Posted Tuesday, Sept. 11, 2012, at 1:03 PM
Chinese Vice-President Xi Jinping was last seen in public on Sept. 1
Photo by How Hwee Young-Pool/Getty Images
The Chinese government accused Japan of stealing a group of islands in the East China Sea, as the mystery over the whereabouts of Beijing’s top leader-in-waiting Xi Jinping continues to grow. Japan on Tuesday confirmed that it had sealed a deal to buy the disputed islands, known as Senkaku in Japan and Diaoyu in China, for $26 million from the private owner who has been leasing them to the government, points out the Christian Science Monitor. In Japan, the move was seen as a way for the country to avoid the nationalist Tokyo governor from taking control of the islands and developing them. China has called the move illegal and sent two patrol ships to the islands while state-run media have been carrying unusually strong statements on the issue, notes the BBC.
Meanwhile, the mystery continues to grow over what is going on with China’s president-in-waiting Xi Jinping, who on Monday canceled his third meeting with a foreign dignitary in a month. He was last seen in public on September 1 and there’s lots of speculation that the country’s carefully planned leadership transition could be in trouble, notes the Washington Post. Yet Reuters hears word from sources that Xi, who is set to take over the presidency in March, was ill, possibly with a back injury suffered while swimming. Even though a back injury does sound like a convenient cover-up, some of China’s top leaders continued traveling outside Beijing, which likely wouldn’t happen if the country's political elite was mired in crisis.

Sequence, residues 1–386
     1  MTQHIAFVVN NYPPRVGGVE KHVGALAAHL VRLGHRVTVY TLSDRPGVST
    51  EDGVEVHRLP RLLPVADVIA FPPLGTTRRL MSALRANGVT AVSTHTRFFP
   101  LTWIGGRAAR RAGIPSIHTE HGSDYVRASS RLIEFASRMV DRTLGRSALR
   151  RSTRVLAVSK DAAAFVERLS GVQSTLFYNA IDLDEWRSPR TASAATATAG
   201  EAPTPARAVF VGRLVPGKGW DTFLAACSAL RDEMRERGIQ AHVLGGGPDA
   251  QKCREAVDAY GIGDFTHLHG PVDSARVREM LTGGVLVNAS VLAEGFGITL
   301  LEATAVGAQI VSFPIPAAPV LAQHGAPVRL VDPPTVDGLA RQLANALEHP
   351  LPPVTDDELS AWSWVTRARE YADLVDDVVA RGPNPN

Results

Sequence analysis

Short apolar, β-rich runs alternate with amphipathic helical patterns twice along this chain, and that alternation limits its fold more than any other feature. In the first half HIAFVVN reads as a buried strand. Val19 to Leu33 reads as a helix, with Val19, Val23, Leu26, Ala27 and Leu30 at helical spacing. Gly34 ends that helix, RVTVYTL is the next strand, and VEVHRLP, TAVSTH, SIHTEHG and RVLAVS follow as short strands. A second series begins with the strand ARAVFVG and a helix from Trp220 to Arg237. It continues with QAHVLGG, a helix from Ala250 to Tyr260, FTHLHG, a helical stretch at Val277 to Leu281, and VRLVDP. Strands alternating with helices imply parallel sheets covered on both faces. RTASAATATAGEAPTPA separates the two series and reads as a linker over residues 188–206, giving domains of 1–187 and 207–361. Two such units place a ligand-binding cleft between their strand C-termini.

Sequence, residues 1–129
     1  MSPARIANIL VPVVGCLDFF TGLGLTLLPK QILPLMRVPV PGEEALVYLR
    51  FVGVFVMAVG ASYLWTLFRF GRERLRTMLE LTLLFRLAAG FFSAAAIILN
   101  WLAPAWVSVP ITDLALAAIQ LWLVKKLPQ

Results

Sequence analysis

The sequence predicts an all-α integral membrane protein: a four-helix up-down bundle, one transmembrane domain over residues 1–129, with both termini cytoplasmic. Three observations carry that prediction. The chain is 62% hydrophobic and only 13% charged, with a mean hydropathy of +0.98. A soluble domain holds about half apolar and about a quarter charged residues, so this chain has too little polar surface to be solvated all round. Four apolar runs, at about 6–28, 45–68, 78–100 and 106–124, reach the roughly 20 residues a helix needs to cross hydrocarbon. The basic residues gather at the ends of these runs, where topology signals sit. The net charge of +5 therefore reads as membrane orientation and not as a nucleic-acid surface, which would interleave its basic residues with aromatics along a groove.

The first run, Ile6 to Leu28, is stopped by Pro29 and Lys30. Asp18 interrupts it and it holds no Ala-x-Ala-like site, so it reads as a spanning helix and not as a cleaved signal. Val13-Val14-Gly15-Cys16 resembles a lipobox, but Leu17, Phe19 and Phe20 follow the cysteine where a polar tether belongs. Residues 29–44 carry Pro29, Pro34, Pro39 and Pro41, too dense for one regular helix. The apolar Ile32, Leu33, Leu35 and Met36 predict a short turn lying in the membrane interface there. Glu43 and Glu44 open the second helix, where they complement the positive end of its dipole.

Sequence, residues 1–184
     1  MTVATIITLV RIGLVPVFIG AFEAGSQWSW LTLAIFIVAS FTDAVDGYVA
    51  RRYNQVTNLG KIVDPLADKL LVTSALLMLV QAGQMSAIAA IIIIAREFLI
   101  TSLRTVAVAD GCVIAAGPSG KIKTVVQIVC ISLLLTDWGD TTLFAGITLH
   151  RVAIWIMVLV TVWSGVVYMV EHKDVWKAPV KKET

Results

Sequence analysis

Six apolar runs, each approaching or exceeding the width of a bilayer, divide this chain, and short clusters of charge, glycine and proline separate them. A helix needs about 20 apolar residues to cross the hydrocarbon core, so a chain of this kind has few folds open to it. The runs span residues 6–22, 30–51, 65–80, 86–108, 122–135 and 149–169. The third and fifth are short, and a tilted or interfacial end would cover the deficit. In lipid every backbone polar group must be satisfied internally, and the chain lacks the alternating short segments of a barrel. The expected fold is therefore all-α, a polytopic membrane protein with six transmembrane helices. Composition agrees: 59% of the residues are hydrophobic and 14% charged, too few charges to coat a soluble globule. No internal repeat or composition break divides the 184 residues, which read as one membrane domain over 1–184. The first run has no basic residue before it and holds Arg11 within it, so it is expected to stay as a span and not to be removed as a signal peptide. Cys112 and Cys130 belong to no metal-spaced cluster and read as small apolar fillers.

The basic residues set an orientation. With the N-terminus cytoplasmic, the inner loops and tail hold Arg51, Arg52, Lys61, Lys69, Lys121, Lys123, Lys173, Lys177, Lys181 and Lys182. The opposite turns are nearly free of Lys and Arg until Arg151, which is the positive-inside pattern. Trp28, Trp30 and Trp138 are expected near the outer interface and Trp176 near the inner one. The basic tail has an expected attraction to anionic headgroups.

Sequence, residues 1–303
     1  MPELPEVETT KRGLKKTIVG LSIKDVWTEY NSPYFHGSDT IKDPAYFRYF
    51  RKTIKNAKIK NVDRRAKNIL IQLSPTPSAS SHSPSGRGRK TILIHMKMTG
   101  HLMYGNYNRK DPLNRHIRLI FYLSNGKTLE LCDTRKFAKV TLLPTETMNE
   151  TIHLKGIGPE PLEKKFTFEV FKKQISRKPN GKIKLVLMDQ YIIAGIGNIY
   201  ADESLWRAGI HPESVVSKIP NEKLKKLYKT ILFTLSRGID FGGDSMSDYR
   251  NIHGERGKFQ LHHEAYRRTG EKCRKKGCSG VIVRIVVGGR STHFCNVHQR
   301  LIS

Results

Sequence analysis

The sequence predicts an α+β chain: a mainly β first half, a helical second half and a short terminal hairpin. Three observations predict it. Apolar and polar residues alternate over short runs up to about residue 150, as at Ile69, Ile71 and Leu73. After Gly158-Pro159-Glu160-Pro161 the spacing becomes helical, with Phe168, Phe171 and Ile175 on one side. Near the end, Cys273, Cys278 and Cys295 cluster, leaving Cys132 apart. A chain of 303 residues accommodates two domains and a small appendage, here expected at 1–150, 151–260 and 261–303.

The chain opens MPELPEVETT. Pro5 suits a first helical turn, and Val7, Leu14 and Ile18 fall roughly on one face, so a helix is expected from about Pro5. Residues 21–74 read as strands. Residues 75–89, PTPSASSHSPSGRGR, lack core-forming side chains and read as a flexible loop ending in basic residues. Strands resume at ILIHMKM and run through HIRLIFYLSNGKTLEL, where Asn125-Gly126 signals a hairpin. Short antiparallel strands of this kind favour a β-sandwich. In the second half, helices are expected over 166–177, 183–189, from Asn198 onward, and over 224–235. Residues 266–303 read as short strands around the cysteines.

Some analysts say that Beijing’s unusually strong defense of China’s territorial claims on the islands could have something to do with deflecting attention away from what has been an unusually tumultuous leadership transition period, points out the New York Times. Even though it’s undeniable that there has long been tension between Japan and China, leaders in both countries might be tempted to take on a harder stance since they are coming to the end of their tenures, points out the Christian Science Monitor. The BBC’s Jonathan Marcus says the dispute “is as much about self-perception as anything else.”
Regarding, the missing Xi, everyone points out that due to the secretive Beijing ways, it’s impossible to know whether the fact that he has apparently been missing in action is a scandal or nothing at all. Although insiders certainly would have an interest in playing down problems, analysts are quick to point out that the health of leaders is incredibly sensitive and it would be misguided to read too much into the obfuscation as it might all just be an extreme example of Beijing bureaucracy in action, points out the Guardian.
What is undeniable is that this has been an incredibly rocky year for China’s political system, details McClatchy.